Indonesian jailed for smuggling in rare marine species

SINGAPORE - An Indonesian man was jailed for four months on Friday for trying to smuggle in endangered species worth nearly $27,000.

Raja Jufri, 33, pleaded guilty in a district court to bringing in 131 items from Indonesia in violation of the Convention on International Trade in Endangered Species of Wild Fauna and Flora.

In a surprise check on vessels at Jurong Port on May 28, Immigration and Checkpoints Authority officers found two red plastic bags in the kitchen area of the boat M.V. Kartika Sari Hwj at 8pm.

There were 31 pieces of seahorses, 22 giant clams, and 78 pieces of coral.

Raja, who admitted ownership of the items, was unable to produce permits for their import and the matter was referred to the Agri-Food and Veterinary Authority (AVA) for investigations.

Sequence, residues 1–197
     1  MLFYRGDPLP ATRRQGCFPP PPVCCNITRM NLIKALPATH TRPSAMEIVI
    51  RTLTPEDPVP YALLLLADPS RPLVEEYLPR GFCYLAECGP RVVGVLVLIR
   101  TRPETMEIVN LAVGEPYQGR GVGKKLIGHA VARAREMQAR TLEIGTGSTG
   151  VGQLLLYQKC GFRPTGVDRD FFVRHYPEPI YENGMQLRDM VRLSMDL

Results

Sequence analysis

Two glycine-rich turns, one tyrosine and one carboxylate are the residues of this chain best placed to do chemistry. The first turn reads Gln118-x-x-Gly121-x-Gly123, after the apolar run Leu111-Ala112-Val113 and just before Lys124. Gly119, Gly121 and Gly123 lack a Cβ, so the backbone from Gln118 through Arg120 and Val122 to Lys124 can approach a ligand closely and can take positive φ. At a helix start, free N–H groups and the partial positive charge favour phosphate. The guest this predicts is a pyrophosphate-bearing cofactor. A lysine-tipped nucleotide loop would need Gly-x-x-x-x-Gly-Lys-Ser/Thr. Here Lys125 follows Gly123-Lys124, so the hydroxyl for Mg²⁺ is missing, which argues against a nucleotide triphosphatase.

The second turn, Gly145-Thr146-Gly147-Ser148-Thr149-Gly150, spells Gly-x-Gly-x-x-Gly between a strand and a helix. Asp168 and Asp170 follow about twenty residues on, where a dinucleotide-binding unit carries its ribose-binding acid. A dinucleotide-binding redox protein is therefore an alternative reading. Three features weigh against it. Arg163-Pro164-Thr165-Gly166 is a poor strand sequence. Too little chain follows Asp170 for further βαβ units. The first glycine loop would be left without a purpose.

Court papers indicated that at 5.30pm that same day, Raja had received the two plastic bags from an Indonesian friend he knew only as Izam at the Sekupang wharf in Batam in Indonesia.

Upon his arrest at Jurong Port, the smuggled items were sent to the Underwater World, Singapore, for species identification.

In pressing for a jail term to be imposed, the AVA prosecuting officer Edwin Ignatious said that one of the biggest threats to the survival of endangered flora and fauna was the illegal trade in wildlife species.

"The more endangered a species, the more coveted it is by traders and collectors," the AVA officer added.

Raja, who did not have a lawyer, said he received only $40 to smuggle the items in.

He pleaded for leniency as he has a wife and two young children to support.

He could have been fined up to $50,000, or jailed up to two years, or both.

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